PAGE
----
NS3574 : Measured Mile post in the Clyde at Parklea

taken 3 years ago, 3 km from Port Glasgow, Inverclyde, Great Britain

Measured Mile post in the Clyde at Parklea
Measured Mile post in the Clyde at Parklea
The landward of the westernmost pair of posts is broken and lies on the shore. This photo shows the metal triangle at the top of that post.
Parklea Measured Mile

Three pairs of metal posts can be seen in or near the old timber ponds Link in the River Clyde at Parklea in the east end of Port Glasgow.

Each pair consists of a landward post just above or below the high tide line and a second post due approximately north, around 90m away out on the mudflats. Each post was originally held in place by three guy lines, but these are now gone and only the anchors remain. The posts are around 6m high.

In the late 1960s the posts were painted bright yellow and the guy lines were present, but severed at the ground end, making the posts appear like maypoles as children (including the author) used to swing on the guy lines. No yellow paint remains today and the posts are well rusted. In January 2017, the landward post of the westernmost pair was found to be broken and lies on the shore where it fell.

Each of the outer posts has a triangular metal shape near its top, with the triangle pointing upwards. Each of the landward posts has a similar triangle, but located at the top of the post and pointing downwards.

This suggests that the posts were used as a "measured mile" or, more accurately, a measured kilometre since the two furthest pairs of posts are around 1Km apart. I have read elsewhere LinkExternal link that Denny shipbuilders of Dumbarton established a measured mile here in 1961 for testing their D1 hovercraft, these posts are almost certainly the remains of that "mile".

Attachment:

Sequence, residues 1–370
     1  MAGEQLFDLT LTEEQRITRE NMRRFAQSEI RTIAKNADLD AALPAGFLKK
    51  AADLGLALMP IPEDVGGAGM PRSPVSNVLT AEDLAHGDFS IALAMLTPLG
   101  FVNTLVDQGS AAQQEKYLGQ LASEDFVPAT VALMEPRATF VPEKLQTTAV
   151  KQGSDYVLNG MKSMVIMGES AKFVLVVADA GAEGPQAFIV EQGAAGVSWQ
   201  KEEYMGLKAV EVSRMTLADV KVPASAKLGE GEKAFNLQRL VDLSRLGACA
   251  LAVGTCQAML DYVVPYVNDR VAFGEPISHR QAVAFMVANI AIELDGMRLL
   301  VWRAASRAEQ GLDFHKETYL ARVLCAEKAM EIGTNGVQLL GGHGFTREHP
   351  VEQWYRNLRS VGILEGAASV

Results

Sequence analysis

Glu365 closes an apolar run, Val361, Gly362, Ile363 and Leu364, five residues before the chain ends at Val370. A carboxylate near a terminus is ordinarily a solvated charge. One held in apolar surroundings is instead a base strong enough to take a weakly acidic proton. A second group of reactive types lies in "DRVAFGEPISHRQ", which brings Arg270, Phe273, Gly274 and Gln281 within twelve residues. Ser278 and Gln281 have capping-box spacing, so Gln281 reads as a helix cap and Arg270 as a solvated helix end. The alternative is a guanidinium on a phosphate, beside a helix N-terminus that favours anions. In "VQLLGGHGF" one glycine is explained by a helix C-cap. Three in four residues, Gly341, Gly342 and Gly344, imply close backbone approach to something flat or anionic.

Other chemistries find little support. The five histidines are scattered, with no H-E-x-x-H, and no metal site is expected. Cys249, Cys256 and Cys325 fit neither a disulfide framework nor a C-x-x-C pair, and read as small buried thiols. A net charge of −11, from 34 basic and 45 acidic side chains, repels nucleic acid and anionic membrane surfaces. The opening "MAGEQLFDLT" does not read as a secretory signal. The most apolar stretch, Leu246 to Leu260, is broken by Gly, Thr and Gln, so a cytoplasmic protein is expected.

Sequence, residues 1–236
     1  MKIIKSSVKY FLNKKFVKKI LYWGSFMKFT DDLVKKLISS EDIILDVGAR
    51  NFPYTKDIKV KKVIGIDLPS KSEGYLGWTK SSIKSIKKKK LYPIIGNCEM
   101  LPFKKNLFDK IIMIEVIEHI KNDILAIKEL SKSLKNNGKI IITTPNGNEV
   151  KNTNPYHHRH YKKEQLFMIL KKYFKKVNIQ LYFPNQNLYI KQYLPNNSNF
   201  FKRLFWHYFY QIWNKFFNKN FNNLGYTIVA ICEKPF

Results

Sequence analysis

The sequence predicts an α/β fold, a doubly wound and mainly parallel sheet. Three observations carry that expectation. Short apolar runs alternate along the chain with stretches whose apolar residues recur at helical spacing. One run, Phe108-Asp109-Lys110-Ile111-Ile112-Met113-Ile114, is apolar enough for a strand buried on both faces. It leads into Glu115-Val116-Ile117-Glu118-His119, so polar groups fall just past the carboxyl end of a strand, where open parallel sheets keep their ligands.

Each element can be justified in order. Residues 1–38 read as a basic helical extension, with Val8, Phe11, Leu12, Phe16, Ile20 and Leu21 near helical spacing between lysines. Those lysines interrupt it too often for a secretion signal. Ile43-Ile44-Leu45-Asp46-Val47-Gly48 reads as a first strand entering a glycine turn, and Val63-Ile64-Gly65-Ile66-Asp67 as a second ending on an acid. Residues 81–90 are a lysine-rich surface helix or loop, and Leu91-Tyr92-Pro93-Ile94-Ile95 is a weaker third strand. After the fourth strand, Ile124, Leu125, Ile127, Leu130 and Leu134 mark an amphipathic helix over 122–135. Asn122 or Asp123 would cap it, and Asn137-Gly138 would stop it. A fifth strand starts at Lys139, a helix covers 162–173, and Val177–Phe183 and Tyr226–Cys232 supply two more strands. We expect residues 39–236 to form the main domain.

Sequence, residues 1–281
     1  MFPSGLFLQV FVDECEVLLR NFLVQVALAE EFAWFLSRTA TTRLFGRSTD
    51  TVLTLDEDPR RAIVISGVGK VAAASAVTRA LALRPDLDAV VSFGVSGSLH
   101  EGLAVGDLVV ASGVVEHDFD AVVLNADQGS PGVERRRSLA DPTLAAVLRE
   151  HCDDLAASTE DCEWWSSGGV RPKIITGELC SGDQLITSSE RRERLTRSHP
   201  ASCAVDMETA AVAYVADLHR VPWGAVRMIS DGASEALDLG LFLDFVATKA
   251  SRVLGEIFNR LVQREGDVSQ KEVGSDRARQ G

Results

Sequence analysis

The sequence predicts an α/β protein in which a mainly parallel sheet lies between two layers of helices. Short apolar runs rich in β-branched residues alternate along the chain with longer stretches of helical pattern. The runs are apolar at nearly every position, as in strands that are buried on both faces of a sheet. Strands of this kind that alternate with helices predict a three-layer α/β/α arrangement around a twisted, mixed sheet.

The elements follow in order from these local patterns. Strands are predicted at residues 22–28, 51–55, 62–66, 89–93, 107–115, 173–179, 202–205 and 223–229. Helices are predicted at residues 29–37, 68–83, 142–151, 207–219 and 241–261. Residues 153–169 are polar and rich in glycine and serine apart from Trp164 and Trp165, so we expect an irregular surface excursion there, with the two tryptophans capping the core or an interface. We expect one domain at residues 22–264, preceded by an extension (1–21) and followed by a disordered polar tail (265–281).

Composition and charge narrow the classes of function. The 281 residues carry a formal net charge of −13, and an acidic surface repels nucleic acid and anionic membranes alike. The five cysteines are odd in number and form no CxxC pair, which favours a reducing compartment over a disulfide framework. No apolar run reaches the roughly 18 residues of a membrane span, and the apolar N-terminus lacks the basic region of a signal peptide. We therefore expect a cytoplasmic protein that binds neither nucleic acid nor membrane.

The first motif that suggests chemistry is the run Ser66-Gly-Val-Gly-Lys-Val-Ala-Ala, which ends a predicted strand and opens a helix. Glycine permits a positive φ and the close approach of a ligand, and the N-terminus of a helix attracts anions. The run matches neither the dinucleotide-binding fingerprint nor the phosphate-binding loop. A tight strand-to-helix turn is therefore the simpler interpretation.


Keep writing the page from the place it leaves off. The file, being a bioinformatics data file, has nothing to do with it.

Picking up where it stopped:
The westernmost pair can be found at the east end of the old sea wall, around 400m upstream from Parklea football stadium car park.

The middle pair are on the point just upstream from the last of the many football pitches at Parklea. The landward post of this pair is above the high tide line, almost hidden amongst the bramble bushes to the right of the footpath.

The easternmost pair are immediately west of the Finlaystone Burn.

Traditional measured nautical miles, such as the one further downstream at Skelmorlie Link , employ pairs of posts like those at Parklea. Each post has a V or inverted V shaped marker on it which forms an X with its partner post when they are exactly aligned and viewed from the sea.

Sturdy waterproof footwear is required if you plan to visit the Parklea posts. Plan your visit to coincide with low tide, otherwise the posts will be surrounded by water (but not submerged). It is possible to access the posts from the Langbank side, but this entails a longer walk and cannot be done at high tide. The Finlaystone burn has no bridge and needs to be forded, which is also best done at low tide.

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NS3574, 72 images   (more nearby search)
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Date Taken
Monday, 2 January, 2017   (more nearby)
Sunday, 15 January, 2017
Geographical Context
Historic sites and artefacts  Estuary, Marine 
Primary Subject of Photo
Navigation Marker 
Subject Location
OSGB36: geotagged! NS 3582 7414 [10m precision]
WGS84: 55:55.9324N 4:37.7814W
Camera Location
OSGB36: geotagged! NS 3582 7414
View Direction
EAST (about 90 degrees)
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